(51.) Asadullah K, Sabat R, Friedrich M, Volk HD, Sterry W. Interleukin-10: an important immunoregulatory cytokine with major impact on psoriasis. Curr Drug Targets Inflamm Allergy. 2004;3:185-92.

(52.) Kimball AB, Kawamura T, Tejura K, Boss C, Hancox AR, Vogel JC, et al. Clinical and immunologic assessment of patients with psoriasis in a randomized, doubleblind, placebo-controlled trial using recombinant human interleukin 10. Arch Dermatol. 2002;138:1341-6.

(53.) Al-Robaee AA, Al-Zolibani AA, Al-Shobili HA, Kazamel A, Settin A. IL-10 implications in psoriasis. Int J Health Sci. 2008;2:53-8.

(54.) Schafer P. Apremilast mechanism of action and application to psoriasis and psoriatic arthritis. Biochem Pharmacol. 2012;83:1583-90.

(55.) Traupe H. Psoriasis and the interleukin-10 family: evidence for a protective genetic effect, but not an easy target as a drug. Br J Dermatol. 2017;176:1438-9.

(56.) Yanaba K, Kamata M, Ishiura N, Shibata S, Asano Y, Tada Y, et al. Regulatory B cells suppress imiquimod-induced, psoriasis-like skin inflammation. J Leukoc Biol. 2013;94:563-73.

(57.) Mavropoulos A, Varna A, Zafiriou E, Liaskos C, Alexiou I, Roussaki-Schulze A, et al. IL-10 producing Bregs are impaired in psoriatic arthritis and psoriasis and inversely correlate with IL-17- and IFN[gamma]-producing T cells. Clin Immunol. 2017;184:33-41.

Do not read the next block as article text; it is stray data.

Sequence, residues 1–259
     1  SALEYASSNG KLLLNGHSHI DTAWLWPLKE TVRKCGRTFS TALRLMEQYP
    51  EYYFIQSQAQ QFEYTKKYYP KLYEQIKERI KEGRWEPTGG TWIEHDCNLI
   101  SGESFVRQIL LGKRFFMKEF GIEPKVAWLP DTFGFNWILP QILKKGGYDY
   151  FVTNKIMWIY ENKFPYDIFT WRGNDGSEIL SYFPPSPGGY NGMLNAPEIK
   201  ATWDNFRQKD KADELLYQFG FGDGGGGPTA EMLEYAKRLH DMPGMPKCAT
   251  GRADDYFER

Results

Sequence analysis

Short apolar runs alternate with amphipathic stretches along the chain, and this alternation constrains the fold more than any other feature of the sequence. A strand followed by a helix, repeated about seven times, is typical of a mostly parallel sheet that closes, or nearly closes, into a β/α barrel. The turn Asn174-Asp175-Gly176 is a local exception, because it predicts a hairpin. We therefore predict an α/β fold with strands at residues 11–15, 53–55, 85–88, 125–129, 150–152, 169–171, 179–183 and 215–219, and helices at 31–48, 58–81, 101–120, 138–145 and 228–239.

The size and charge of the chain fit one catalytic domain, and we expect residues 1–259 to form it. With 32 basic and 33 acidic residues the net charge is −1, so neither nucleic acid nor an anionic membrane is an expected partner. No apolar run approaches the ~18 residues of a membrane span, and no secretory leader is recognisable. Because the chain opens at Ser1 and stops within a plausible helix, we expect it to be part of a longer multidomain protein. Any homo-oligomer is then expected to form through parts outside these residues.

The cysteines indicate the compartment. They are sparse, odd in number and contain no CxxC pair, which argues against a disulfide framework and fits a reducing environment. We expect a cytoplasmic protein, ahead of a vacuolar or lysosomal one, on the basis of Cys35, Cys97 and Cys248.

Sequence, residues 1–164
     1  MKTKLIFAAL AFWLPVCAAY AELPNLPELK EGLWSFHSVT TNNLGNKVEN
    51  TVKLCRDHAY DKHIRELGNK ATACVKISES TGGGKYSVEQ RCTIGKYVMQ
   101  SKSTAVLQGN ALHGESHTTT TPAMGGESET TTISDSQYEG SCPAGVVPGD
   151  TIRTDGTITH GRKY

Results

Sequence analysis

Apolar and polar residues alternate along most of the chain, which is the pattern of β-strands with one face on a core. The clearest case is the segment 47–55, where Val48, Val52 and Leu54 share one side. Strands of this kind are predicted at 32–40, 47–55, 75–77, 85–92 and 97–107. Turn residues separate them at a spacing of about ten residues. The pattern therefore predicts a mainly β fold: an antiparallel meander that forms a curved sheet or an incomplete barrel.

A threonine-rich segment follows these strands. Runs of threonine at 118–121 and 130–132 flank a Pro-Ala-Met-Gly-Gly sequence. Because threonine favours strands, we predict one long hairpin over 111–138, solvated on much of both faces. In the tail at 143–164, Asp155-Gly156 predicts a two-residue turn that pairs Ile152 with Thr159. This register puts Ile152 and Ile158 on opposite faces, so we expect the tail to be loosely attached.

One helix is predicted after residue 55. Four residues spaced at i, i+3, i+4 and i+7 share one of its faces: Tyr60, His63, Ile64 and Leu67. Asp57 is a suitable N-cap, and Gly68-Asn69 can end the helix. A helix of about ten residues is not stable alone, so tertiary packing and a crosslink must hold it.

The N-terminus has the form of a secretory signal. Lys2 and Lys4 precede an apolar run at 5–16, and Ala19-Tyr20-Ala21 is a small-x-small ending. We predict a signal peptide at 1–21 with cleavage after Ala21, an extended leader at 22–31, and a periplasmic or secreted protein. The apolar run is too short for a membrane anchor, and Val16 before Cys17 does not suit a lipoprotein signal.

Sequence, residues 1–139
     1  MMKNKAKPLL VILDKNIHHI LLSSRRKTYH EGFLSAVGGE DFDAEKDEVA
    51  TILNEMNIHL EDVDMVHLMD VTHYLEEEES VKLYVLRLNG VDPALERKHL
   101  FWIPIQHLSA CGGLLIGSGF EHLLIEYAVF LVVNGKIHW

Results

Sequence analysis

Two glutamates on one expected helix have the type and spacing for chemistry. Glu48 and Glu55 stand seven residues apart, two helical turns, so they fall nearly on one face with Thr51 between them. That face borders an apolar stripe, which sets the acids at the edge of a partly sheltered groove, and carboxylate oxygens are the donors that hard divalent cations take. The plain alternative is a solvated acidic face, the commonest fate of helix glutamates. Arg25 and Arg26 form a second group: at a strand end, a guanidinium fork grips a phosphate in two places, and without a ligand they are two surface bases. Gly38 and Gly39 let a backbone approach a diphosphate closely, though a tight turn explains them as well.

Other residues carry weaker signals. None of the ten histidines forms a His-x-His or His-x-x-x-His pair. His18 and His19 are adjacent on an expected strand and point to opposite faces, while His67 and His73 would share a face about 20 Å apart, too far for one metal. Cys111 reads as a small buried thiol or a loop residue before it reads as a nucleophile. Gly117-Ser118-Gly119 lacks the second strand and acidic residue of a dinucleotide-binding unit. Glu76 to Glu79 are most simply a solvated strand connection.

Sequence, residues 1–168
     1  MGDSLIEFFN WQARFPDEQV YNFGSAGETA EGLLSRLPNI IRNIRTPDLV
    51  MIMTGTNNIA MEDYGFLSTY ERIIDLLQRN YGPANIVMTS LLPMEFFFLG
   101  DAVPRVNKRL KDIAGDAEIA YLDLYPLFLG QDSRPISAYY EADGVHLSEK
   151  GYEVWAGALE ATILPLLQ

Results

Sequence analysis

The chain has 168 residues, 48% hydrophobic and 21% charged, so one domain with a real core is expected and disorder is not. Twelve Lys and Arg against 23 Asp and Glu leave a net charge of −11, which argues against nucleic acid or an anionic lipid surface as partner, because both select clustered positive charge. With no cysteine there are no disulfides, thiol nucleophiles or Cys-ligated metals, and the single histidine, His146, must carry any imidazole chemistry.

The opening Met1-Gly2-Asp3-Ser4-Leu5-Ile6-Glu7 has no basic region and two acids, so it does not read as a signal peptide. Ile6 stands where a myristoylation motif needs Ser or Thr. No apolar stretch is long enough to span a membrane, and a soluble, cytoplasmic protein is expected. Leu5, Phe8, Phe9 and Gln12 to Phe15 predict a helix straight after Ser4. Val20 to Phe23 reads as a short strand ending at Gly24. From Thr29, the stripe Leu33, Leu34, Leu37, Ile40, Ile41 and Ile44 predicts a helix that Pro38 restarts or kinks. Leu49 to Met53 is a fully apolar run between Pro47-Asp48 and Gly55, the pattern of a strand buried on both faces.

(58.) Flores-Borja F, Bosma A, Ng D, Reddy V, Ehrenstein MR, Isenberg DA, et al. CD19+CD24hiCD38hi B cells maintain regulatory T cells while limiting TH1 and TH17 differentiation. Sci Transl Med. 2013;5:173ra23.

(59.) Hayashi M, Yanaba K, Umezawa Y, Yoshihara Y, Kikuchi S, Ishiuji Y, et al. IL10-producing regulatory B cells are decreased in patients with psoriasis. J Dermatol Sci. 2016;81:93-100.

(60.) Trifunovic J, Miller L, Debeljak Z, Horvat V. Pathologic patterns of interleukin 10 expression--a review. Biochem Med (Zagreb). 2015;25:36-48.

(61.) Asadullah K, Sterry W, Volk HD. Interleukin-10 and Psoriasis: Madame Curie Bioscience Database [Internet]: Austin (TX), Landes Bioscience. 2000-2013.

(62.) Lee YH, Choi SJ, Ji JD, Song GG. Associations between interleukin-10 polymorphisms and susceptibility to psoriasis: a meta-analysis. Inflamm Res. 2012;61:657-63.

(63.) Borghi A, Fogli E, Stignani M, Melchiorri L, Altieri E, Baricordi O, et al. Soluble human leukocyte antigen-G and interleukin-10 levels in plasma of psoriatic patients: preliminary study on a possible correlation between generalized immune status, treatments and disease. Arch Dermatol Res. 2008;300:551-9.

(64.) Moreau P, Adrian-Cabestre F, Menier C, Guiard V, Gourand L, Dausset J, et al. IL10 selectively induces HLA-G expression in human trophoblast and monocytes. Int Immunol. 1999;11:803-11.